Tuesday, October 9, 2012

Building the box

I started out this journey needing to build a machine. Since the primary goal is as a system to run Second Life well, that shaped my choices. The only real requirements were:
  1. Not Intel graphics. Intel does many things right. 3D graphics is not any of them. Once upon a time, a 3D game developer wrote in a Slashdot comment I can't find any more that "we benchmarked Intel graphics, and it was faster to render in software". They've gotten better. They still suck.
  2. As inexpensive as possible. As I mentioned in my opening post, I'm not made of money.
  3. At least 30 FPS speed on Second Life in a scene with reasonable complexity on High graphics.
I started out looking at conventional boxes: motherboard, PCI-E graphics (I'd settled on an Nvidia GTX 550 at minimum, since my roommate has a box with that that runs fast enough), the whole drill. I wanted as many cores as I could swing on the chance that I wanted to rebuild Firestorm, the Second Life viewer I use. I wound up at over a kilobuck. Blarg. That was more than I really wanted to spend.

Then my roommate reminded me of his Toshiba laptop in the kitchen. It's based on the AMD A6-3420M processor with graphics built in, in that case AMD 6520. It performs surprisingly well for such a  low-end machine. That got me thinking about AMD APUs. The top of the line at the time, the A8-3870K, has AMD 6550 graphics, and that seemed from the benchmarks I saw to perform pretty well...but not as well as the GTX 550. I was dithering back and forth about it for a week or so, not sure if I wanted to go ahead, and doubtful if it had the performance I wanted. I put together a wishlist at Newegg, just to keep track, and it came in at $467.

Then I saw reviews of the AMD Trinity APUs. The A10-5800K, in particular, has a significant jump in graphics performance with its AMD 7660 graphics engine, and the CPU power bump isn't bad either, since it's based on the Piledriver architecture. They looked nice, enough that I held off. Then last Tuesday, I saw that Newegg had the Trinity APUs, so I checked - and I could build a system based on the A10-5800K for $487. I pulled the trigger.

Newegg shipped me everything but the CPU and hard disk to arrive last Friday. The last two pieces came yesterday. Here's what's in the box:
I like the Rosewill case. It's a basic box, but there are no sharp edges to cut yourself on, and everything you need is there. About the only thing I wish was different was that the power supply is in the top instead of the bottom. Everything went together easily over the weekend, and sat waiting till the processor and hard disk arrived yesterday.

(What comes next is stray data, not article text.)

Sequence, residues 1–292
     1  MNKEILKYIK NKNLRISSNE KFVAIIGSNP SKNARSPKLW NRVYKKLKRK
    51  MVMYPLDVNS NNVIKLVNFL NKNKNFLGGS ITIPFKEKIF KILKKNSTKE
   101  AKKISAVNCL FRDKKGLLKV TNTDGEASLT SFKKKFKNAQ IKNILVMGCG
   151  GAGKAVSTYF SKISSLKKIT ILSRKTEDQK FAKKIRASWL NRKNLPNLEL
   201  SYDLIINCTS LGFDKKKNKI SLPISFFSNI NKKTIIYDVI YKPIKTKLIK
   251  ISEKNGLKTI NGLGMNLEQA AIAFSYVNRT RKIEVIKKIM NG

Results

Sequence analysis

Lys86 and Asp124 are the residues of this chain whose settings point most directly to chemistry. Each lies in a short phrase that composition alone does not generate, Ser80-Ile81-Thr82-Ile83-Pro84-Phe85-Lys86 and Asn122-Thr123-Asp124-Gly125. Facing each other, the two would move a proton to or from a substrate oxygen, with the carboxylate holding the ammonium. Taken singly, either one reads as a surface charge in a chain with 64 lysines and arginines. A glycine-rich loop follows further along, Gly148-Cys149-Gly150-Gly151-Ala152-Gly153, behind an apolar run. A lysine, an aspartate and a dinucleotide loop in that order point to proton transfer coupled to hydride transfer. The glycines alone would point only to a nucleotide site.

The one exception to things going easily was the CPU cooler. The one downside to that otherwise fantastic $20 cooler is that the instructions are confusing and just plain wrong. They don't include the pieces they say that are needed for AMD processors. Fortunately, the pieces they do include will work, as I discovered once I got frustrated with looking and started piddling around.

The processor and hard disk arrived yesterday, and went in fairly easily as well. Once it was all in place, the system came right up. I didn't tweak much in the BIOS, but if I wanted to, the ASRock's UEFI BIOS seems like it'll make that job pretty simple.

Overall, I'm happy with the hardware. Lots of the usual petty annoyances that went with building up a system in days of yore are history. It's still not a job for the uninitiated without some good docs and probably some one-on-one handholding the first time around, but it's not bad.

Of course, it's not as simple as a Mac. Then again, I doubt a comparable system could be purchased already built for anything approaching that price, either. It also doesn't do as well as Apple in the industrial design department, but then, nothing out there does.

With the hardware built, it was time to shift focus to the software. That's the next post.

1 comment:

  1. Pretty nice-sounding hardware setup, though I would have bought the RAM from Crucial. I discovered years ago that the $5-10 more I spend there is more than made up for by the bad RAM I seemed to get from everywhere else.

    Those without my particular experiences might not feel the need to do so though :)